City establishes new outreach team to provide services for mentally ill, homeless

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On Wednesday, the city of Berkeley announced a new Homeless Outreach and Treatment, or HOT, team, that will concentrate on reaching out to disabled homeless persons, particularly the mentally ill, and providing them with housing and resources.

The outreach team, which will be composed of five city of Berkeley Mental Health Division staff members, will identify homeless individuals with the most critical conditions, according to Paul Buddenhagen, director of the city’s Health, Housing and Community Services Department.

HOT’s goal is to ultimately provide more of these individuals long-term housing as well as other services, according to city spokesperson Matthai Chakko.

“They’re a mental health staff (and there is) a public health nurse to deal with medical issues that people may have,” Chakko said.

HOT will consider multiple factors to identify clients, including “living with mental illness, suffering from addiction, frequent use of emergency rooms and other public resources and problematic street behavior,” according to a city press release.

Previously, the city of Berkeley established the Berkeley Housing Task Force, which provided program, policy and funding recommendation to City Council to improve services for the homeless.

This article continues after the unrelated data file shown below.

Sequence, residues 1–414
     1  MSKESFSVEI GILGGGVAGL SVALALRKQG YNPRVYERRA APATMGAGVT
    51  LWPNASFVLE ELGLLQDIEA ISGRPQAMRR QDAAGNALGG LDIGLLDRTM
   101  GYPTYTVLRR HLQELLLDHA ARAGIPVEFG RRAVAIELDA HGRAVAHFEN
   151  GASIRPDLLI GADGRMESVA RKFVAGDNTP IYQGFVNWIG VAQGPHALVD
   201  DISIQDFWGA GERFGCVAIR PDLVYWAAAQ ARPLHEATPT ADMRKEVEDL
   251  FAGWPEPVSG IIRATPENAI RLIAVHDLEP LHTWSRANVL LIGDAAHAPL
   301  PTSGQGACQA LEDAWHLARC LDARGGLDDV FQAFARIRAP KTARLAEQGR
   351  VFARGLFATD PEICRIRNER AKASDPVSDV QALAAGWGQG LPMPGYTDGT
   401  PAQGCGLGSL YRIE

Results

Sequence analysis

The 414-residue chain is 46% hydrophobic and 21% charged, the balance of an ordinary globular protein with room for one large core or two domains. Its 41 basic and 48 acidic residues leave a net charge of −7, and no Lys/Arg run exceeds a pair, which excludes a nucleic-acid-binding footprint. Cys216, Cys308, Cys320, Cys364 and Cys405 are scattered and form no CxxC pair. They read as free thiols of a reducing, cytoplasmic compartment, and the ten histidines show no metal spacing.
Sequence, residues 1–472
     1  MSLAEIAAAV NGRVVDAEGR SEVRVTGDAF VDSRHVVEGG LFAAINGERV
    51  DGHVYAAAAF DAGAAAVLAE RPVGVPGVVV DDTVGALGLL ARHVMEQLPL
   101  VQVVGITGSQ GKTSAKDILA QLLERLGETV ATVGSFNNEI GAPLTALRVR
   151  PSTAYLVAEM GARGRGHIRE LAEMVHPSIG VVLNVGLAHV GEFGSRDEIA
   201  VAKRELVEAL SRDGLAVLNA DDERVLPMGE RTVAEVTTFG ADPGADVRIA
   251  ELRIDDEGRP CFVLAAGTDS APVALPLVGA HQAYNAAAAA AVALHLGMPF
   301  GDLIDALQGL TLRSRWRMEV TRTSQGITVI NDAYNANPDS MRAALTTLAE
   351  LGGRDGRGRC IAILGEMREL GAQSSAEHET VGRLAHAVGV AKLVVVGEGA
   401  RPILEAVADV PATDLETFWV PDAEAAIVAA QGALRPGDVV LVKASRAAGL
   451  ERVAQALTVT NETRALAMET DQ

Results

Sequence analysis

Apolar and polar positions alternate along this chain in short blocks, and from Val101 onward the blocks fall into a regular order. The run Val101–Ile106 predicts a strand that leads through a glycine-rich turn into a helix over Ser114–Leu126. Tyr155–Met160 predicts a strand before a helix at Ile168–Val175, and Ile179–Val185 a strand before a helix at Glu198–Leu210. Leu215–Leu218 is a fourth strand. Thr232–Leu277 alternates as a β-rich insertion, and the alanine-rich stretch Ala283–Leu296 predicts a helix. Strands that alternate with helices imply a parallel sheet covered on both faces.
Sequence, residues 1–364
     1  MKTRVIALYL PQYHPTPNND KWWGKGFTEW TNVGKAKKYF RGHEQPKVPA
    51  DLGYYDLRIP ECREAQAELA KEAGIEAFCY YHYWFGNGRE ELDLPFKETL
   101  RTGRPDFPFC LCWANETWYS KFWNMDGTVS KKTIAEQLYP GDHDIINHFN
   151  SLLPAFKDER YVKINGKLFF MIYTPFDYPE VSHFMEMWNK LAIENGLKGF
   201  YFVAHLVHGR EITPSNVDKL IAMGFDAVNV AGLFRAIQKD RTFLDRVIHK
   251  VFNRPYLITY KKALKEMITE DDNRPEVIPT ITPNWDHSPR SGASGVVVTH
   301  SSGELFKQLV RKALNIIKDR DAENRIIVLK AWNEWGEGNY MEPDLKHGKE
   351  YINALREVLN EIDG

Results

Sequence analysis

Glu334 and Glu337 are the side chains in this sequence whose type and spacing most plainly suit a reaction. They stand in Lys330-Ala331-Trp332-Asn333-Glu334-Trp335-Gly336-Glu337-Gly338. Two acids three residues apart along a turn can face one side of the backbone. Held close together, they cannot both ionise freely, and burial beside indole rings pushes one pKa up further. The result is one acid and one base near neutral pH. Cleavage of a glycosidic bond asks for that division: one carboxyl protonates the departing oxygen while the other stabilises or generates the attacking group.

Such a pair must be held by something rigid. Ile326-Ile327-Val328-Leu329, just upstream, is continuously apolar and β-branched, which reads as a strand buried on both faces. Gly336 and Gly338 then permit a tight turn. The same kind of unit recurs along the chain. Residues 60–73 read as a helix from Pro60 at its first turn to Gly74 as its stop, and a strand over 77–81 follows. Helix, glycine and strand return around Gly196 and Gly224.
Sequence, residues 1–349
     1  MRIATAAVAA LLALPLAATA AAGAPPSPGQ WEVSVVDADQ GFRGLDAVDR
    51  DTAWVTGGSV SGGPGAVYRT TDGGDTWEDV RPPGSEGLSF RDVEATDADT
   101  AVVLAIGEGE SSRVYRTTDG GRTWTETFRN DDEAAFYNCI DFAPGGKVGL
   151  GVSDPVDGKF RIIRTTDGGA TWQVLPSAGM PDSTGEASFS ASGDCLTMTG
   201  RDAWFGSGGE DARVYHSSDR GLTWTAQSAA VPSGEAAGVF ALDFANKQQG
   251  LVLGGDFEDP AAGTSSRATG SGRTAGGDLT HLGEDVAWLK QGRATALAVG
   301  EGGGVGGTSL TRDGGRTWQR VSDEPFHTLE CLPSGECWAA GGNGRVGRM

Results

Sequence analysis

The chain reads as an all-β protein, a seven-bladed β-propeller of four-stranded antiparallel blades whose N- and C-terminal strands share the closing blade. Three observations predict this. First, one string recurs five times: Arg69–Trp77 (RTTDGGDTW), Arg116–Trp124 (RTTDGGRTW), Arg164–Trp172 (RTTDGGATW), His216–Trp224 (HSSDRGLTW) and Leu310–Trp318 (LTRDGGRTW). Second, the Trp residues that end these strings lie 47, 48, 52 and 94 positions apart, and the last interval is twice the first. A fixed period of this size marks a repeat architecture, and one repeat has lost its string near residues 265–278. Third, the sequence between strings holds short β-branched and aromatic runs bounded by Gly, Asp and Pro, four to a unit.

Another ongoing city project to address homelessness is The Hub, a center which “provides emergency shelter, transitional housing and other homeless housing resources” to needy individuals, according to the city’s Housing and Community Service Department website.

“(HOT) is a much more robust attempt (to address homelessness),” said City Councilmember Kriss Worthington. “I’m optimistic this approach will really make a difference.”

Berkeley Mayor Jesse Arreguín said many homeless individuals were not aware of the resources available to them, so outreach was an issue that needed to be addressed.

Guy “Mike” Lee, a community homeless advocate and former mayoral candidate for the city of Berkeley, said mentally ill people living on the streets can serve as a public safety issue which can even endanger campus students’ safety.

Lee, however, expressed skepticism at the announcement of the city’s outreach team, stating that the team’s efforts to connect mentally ill homeless individuals with resources would be ineffective because “those resources don’t exist.”

City Councilmember Kate Harrison said she believes homelessness and mental illness were important but separate issues. She called the new HOT, however, a “fantastic” idea, adding that the outreach effort to mentally ill homeless individuals was very important.

Arreguín said homelessness can be an “incredibly traumatic” experience that leads to people developing mental health issues and the new HOT team will make a difference by engaging with the homeless community.

“Housing has shown to work (and) to help with mental health and substance abuse,” Arreguín said. “(HOT) helps (the homeless) get the treatment (they need) and a better life.”

 

Contact Robin Hyun at [email protected] and follow her on Twitter at @robinnhyun.

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  • Clark Sullivan

    Let’s hope this HOT team does not panic when they see someone with a kitchen knife and call in the police to commit murder as they did to Luis Gongora Pat in San Francisco.